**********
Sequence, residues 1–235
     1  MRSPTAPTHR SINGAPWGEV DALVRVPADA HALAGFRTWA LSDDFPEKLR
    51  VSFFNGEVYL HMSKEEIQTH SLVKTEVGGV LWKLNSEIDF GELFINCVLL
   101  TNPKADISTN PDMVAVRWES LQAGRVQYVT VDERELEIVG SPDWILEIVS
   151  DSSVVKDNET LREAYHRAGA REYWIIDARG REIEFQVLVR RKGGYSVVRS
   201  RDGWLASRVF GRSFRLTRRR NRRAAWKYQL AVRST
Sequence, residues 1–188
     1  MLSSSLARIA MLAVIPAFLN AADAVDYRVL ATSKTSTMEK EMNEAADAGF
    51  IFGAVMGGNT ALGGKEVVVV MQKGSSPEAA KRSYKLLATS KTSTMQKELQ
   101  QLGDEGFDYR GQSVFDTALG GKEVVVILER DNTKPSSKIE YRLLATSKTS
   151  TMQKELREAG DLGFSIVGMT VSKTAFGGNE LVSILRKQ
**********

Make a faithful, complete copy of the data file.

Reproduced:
Sequence, residues 1–235
     1  MRSPTAPTHR SINGAPWGEV DALVRVPADA HALAGFRTWA LSDDFPEKLR
    51  VSFFNGEVYL HMSKEEIQTH SLVKTEVGGV LWKLNSEIDF GELFINCVLL
   101  TNPKADISTN PDMVAVRWES LQAGRVQYVT VDERELEIVG SPDWILEIVS
   151  DSSVVKDNET LREAYHRAGA REYWIIDARG REIEFQVLVR RKGGYSVVRS
   201  RDGWLASRVF GRSFRLTRRR NRRAAWKYQL AVRST
Sequence, residues 1–188
     1  MLSSSLARIA MLAVIPAFLN AADAVDYRVL ATSKTSTMEK EMNEAADAGF
    51  IFGAVMGGNT ALGGKEVVVV MQKGSSPEAA KRSYKLLATS KTSTMQKELQ
   101  QLGDEGFDYR GQSVFDTALG GKEVVVILER DNTKPSSKIE YRLLATSKTS
   151  TMQKELREAG DLGFSIVGMT VSKTAFGGNE LVSILRKQ